Happy Labor Day!

People tend to be a little flip about the importance of unions every Labor Day.  I’ve already seen on facebook post by a friend saying “Happy Labor Day!  Celebrate with appropriate laziness!”  And sarcasm or condescension (“The unions used to be necessary, but we’re past that now”) is often the best the labor movement can hope for.  More often the reaction on the right is rage against the “job-killing unions.”

In fact, one of the best things you can say about the labor movement is that it has killed jobs.  Plenty of American manufactures have moved overseas because it would be illegal to treat American workers the way they treat their laborers abroad.  Child labor, dangerous working conditions, and wage slavery are all common abroad in American-owned countries; it’s absurd to claim that, absent the rabble-rousing labor movement, there would be no pressure to backslide on workers rights.  Unions hold the line at home and the international workers movement tries to expand protections abroad.

So, on Labor Day, there are plenty of classic union songs to post, and if you don’t know “16 Tons,” “Which Side Are You On?” “Solidarity Forever,” or “Union Maid” by all means follow the hyperlinks.  The one I want to feature today is by Peggy Seeger, the younger sister of Pete Seeger, who is featured in several of the links above and who sings her composition below.

One reason I particularly like this song is that it emphasizes the importance of collective action.  By uniting in solidarity, workers can reclaim agency and dignity in the face of deliberate maltreatment or the impersonal dehumanization of industrialization.

Oh, and I lied when I said I was going to only post one video.  I can’t resist sharing this union song from Newsies (the Disney musical about the Newsboys Strike of 1899, starring a very young Christian Bale).

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  • Amazing. I didn't know even one of the songs mentioned here. I always thought Americans had Joe Hill and other then that Arbeiterlieder where a purely European thing. It's an aspect of your culture I totally missed.Which is funny, because I actually have a soft spot for the German analogates. I'm often whistling them unconsciously, quite in contrast to my actual political leanings.You learn something new every day.

  • "Which side are you on?" is the filthiest insult I can conceive of. It says to me: forget about truth. Forget about integrity. Forget about everything except unthinking loyalty to a "side" which has decided that it owns you. As for "Solidarity Forever", Lech Walesa gave that a whole new meaning. (I wonder if that has rendered it Politically Incorrect.)

  • Another of my favorites is "Bread and Roses". Pro-union and pro-feminist too!

  • @Gillimer"Which side are you on?" is the filthiest insult I can conceive of. It says to me: forget about truth. Forget about integrity. Forget about everything except unthinking loyalty to a "side" which has decided that it owns you.First a disclaimer: That particular video is blocked over here for copyright reasons. I suppose this is a different performance of the same piece. Should I be wrong about that please disregard this comment.That being said, let me make the obvious counterpoint before the atheists do. As a bit of interpretation a "side" is not always a political group. It can also be quite simply a side on a given moral question. And we do not get the option to be neutral between good and evil when evil is presently being done. Such a neutrality is itself a moral failure. For example, we wouldn't approve of someone being neutral about slavery when it was still extant, rather we would count such a person as (weakly) pro-slavery. Same with someone who was personally opposed but wouldn't impose their morality on others. And there was a time, when workers being treated with basic dignity was such a question in the western world. In some parts of the world it still is. Today and in the western world it isn't (I guess that puts me in Leah's "sarcasm or condescension" crowd 🙂 ) so making the songs claim here and now would be abusive. But playing it wouldn't be enough to make that claim here and now, it might well have grown into a identitarian historical hymn. Like Christians might still sing about the exodus at church without insulting present-day Egyptians. Also, while Solidarność shows us that the best example of a good union didn't affiliate with a political party, it still is an example of a union quite rightly named after a union slogan. There was no change of meaning there, just taking the conventional meaning more serious then a communist government would want to take it.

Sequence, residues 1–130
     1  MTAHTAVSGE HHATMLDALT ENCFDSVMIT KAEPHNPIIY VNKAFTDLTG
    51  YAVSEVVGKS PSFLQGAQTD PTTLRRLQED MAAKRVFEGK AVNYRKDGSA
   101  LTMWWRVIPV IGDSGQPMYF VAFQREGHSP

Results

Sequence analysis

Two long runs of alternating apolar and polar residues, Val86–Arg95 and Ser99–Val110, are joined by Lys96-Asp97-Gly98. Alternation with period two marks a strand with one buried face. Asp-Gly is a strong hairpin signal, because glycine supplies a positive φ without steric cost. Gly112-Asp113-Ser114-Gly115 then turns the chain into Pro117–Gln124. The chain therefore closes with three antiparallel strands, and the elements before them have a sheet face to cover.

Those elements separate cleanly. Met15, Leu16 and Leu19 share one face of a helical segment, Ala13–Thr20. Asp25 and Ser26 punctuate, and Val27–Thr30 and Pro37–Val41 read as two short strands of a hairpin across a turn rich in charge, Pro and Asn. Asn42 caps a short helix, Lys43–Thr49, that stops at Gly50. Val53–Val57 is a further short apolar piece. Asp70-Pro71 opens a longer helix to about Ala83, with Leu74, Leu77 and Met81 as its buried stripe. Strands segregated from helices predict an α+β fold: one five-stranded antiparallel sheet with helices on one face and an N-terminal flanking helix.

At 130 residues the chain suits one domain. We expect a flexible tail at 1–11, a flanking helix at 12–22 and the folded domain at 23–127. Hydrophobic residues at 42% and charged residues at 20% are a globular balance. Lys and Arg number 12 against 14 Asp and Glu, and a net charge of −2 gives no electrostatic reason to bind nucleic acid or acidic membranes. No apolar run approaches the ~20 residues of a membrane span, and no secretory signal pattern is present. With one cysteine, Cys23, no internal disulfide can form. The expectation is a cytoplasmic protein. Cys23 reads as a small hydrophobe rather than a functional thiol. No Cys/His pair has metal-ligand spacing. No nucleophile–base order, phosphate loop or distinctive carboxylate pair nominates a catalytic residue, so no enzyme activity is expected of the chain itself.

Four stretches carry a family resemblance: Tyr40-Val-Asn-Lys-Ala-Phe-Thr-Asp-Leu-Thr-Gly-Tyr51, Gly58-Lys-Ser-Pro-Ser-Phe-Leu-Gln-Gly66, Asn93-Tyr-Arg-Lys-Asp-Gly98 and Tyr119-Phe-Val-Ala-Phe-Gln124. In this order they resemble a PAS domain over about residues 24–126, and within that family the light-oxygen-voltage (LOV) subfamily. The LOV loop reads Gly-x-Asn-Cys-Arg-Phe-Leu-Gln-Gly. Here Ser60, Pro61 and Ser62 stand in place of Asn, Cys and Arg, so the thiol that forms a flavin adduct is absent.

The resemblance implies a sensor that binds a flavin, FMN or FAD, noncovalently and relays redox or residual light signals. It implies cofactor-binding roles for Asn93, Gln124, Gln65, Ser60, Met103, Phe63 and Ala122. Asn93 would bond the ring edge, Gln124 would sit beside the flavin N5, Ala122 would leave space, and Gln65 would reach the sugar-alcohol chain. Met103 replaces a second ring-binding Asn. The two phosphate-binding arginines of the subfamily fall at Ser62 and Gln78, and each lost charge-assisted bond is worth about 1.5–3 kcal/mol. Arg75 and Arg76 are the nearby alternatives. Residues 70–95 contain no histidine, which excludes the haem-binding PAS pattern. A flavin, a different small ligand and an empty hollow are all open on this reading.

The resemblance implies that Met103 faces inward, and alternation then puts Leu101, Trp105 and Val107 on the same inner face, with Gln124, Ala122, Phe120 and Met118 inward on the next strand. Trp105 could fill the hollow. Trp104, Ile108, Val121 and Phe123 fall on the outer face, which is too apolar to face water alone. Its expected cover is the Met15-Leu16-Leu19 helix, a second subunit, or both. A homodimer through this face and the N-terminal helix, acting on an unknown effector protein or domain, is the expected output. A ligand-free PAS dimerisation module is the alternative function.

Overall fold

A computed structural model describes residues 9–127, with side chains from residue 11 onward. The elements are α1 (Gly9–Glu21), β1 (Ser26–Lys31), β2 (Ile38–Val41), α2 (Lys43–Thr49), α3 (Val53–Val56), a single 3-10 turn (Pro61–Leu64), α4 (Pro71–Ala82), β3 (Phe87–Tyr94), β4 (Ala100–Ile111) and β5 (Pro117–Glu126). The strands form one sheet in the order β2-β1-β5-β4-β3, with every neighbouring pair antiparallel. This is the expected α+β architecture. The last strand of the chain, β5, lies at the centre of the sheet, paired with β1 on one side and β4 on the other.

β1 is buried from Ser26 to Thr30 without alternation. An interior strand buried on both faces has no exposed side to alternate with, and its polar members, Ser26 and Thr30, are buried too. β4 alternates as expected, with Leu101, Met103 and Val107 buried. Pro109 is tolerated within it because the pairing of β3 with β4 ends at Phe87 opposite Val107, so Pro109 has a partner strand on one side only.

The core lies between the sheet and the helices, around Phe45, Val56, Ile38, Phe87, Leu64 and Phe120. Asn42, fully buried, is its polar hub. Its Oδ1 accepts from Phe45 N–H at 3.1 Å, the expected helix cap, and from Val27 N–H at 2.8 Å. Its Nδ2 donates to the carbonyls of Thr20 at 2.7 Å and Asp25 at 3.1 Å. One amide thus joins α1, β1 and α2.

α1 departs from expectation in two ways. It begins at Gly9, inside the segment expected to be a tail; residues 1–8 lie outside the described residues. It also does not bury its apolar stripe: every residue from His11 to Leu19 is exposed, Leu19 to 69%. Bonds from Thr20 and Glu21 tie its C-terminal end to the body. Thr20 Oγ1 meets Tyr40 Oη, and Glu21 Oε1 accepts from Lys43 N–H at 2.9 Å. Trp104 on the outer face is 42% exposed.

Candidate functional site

• I LOVE THE NEWSIES!!That is all. Great song!

  • Gilbert: Sorry, but I am speaking from bitter experience, of time after time after time when I was faced with demands to "side" with Us for completely A-moral reasons, and accusations that failure to do so meant "siding" with Them. I will not stand for demands that everyone and everything fit into one of two and only two pigeonholes (which prompted Scott Adams to denounce "binarians".)

  • Likewise, the very existence of an anti-Communist labor movement probably made the binarian ideologues' heads blow up.

  • As the saying goes, there are two kinds of people: the ones who believe there are only two kinds of people, and the ones who don't.